Performance charts and Troubleshooting

There are really good tools and document available on troubleshooting vmware. I’m learning and as I go, I want to share with you all. Though production scenario are quite different but below approach might help you in finding bottlenecks in advance. I intend to show how to keep tab on the below values over a period of time. Say Weekly or monthly. Any changes or variation in these values means there is problem in the system which needs to be address ASAP.


Three important counters to find disk bottleneck

  1. Kernel Disk Command Latency: it is VMKernel processing time for each SCSI Command. So fast VMKernel can process SCSI command is clear from this counter. Ideally it should be between 0 – 1 millisecond. If it crosses 4 millisecond then you need look at either increasing CPU or queue depth. Below is real time observation of one of my ESXi box. You should actually observer this counter for week’s time to check future expansion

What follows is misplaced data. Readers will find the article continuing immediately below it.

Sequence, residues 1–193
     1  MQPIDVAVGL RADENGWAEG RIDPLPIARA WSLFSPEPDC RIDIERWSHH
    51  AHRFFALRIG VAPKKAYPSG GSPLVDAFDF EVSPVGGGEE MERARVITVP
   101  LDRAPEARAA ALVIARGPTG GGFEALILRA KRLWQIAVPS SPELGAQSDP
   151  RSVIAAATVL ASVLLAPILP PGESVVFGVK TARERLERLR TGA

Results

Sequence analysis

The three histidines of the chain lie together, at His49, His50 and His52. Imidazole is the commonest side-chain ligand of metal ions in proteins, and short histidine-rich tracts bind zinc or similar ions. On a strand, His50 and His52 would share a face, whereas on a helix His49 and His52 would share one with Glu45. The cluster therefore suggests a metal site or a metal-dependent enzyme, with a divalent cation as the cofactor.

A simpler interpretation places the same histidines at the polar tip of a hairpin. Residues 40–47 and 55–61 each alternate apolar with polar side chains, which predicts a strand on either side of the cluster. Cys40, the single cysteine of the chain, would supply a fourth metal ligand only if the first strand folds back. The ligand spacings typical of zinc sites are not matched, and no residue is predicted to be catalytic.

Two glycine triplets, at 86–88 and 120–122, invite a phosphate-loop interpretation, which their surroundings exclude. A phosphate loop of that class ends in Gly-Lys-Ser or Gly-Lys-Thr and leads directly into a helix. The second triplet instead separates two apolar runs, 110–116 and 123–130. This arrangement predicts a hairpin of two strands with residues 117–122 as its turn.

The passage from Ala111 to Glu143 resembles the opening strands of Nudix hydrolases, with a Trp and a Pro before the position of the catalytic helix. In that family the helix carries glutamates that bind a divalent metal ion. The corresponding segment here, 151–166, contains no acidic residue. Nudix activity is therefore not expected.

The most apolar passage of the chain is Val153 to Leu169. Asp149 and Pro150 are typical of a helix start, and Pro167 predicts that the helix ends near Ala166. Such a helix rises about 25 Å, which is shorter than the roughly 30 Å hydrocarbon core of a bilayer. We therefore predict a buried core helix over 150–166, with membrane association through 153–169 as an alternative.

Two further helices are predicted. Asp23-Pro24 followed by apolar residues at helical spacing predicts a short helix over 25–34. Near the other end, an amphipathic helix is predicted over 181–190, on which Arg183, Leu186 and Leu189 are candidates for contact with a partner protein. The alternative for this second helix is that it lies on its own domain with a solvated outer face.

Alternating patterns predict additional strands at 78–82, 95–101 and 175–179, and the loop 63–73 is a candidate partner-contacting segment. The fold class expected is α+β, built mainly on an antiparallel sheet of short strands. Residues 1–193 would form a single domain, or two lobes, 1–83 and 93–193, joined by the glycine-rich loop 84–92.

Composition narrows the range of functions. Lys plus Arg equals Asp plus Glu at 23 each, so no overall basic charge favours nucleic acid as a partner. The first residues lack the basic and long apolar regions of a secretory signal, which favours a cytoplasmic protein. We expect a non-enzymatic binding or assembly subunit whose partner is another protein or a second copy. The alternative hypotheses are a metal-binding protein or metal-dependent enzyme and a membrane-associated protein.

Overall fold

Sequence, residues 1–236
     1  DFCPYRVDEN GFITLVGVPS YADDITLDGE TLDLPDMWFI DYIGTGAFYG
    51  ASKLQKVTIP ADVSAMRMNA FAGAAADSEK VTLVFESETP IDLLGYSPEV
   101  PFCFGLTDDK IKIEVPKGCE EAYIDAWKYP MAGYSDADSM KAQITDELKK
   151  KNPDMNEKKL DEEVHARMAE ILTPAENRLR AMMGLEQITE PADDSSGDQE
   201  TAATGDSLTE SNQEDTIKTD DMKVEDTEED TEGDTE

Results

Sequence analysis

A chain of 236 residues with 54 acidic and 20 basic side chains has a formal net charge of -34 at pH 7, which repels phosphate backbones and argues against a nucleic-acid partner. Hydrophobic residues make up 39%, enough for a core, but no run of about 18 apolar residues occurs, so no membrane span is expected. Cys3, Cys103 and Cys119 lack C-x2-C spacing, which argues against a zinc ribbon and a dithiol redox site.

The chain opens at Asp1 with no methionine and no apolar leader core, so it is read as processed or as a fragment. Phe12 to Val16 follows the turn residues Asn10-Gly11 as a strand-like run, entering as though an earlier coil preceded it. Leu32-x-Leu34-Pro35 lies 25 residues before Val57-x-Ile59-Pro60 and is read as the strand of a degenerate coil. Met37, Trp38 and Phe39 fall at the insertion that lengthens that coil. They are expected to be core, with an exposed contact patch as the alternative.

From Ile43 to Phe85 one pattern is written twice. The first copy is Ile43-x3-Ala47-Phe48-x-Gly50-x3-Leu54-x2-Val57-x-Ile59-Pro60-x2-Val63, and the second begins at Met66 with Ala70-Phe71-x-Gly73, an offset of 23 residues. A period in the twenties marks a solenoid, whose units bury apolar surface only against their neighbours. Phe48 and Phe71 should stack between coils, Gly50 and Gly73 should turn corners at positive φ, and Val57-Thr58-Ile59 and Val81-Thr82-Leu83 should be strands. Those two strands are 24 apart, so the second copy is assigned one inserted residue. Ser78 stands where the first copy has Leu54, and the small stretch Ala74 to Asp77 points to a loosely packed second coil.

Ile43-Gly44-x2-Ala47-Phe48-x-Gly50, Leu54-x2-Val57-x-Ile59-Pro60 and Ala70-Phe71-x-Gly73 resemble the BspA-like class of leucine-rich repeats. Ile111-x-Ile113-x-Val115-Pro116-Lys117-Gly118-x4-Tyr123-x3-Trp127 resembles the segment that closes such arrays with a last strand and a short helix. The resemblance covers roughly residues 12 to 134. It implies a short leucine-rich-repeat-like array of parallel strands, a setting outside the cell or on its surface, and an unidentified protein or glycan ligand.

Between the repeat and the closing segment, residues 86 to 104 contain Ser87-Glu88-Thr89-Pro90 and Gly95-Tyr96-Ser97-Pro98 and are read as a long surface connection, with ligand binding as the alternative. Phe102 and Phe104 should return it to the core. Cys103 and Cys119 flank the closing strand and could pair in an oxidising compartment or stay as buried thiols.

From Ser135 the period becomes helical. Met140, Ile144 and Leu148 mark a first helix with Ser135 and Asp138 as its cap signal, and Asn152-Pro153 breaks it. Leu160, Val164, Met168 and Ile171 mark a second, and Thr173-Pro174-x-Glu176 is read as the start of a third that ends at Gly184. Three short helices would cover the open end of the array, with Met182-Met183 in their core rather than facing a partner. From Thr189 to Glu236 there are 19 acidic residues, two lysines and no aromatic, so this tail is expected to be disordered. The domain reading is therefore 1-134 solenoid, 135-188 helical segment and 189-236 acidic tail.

1. Physical Device command latency: It is the amount of time taken by physical device to complete the SCSI command. Here physical device is HBA,Switch fabric or ports. If this value is more than 15 millisecond it can indicate a problem with storage array.




Remember to go by average, in this naa.6000eb316dd2aeb80000000000000020 is at one time 315 millisecond but on average it goes to only 24 sec. Remember these are real time values, we should actually be watching these values our week or monthly period to keep tab on them

  1. Queue command latency: How long SCSI command spends time in VMKernel queue. It should be ideally zero and so it is seen below.If it not zero then there is again problem in the storage array.




5 comments on “Performance charts and Troubleshooting

  1. Is it possible when the Physical Device Command Latency spikes the pipe from ESX host to storage device is not big enuff?

  2. Preetam –

    Trying to find some good sites that talk about storage problems for vm environments and came across your blog. First — check out for our capacity analyzer to do some of what you are doing above. Second – I am going to include a link to your blog in my coming post. Thanks.

  3. Pingback: 2010 in review (Thank you for this) « Designing vSphere

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